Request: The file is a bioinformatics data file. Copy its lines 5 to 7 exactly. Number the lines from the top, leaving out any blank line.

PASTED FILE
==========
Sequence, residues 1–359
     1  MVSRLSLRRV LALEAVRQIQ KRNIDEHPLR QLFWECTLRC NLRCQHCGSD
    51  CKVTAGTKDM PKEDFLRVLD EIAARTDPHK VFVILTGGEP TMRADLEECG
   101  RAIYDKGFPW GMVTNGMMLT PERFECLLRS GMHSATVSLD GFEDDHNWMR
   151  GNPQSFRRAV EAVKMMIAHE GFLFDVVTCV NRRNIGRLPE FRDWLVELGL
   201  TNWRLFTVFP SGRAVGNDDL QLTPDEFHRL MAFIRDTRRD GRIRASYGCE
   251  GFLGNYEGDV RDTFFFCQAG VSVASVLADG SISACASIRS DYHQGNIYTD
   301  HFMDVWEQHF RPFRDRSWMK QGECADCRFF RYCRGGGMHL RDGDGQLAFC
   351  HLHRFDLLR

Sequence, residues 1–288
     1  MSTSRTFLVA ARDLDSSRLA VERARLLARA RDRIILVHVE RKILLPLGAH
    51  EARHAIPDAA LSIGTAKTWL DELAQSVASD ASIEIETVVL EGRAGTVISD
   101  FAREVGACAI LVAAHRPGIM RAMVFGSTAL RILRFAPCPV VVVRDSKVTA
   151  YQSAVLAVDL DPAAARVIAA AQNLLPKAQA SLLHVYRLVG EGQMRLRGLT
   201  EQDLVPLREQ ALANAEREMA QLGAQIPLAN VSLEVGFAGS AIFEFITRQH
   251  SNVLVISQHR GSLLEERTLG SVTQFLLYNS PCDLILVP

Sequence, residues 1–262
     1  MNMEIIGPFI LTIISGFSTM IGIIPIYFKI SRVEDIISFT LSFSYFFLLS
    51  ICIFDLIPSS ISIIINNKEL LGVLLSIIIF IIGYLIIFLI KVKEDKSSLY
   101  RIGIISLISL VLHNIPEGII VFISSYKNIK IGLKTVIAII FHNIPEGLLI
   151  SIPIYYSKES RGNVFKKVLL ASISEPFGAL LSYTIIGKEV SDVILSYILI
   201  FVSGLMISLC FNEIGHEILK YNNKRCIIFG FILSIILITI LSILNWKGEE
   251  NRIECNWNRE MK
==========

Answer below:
   151  GNPQSFRRAV EAVKMMIAHE GFLFDVVTCV NRRNIGRLPE FRDWLVELGL
   201  TNWRLFTVFP SGRAVGNDDL QLTPDEFHRL MAFIRDTRRD GRIRASYGCE
   251  GFLGNYEGDV RDTFFFCQAG VSVASVLADG SISACASIRS DYHQGNIYTD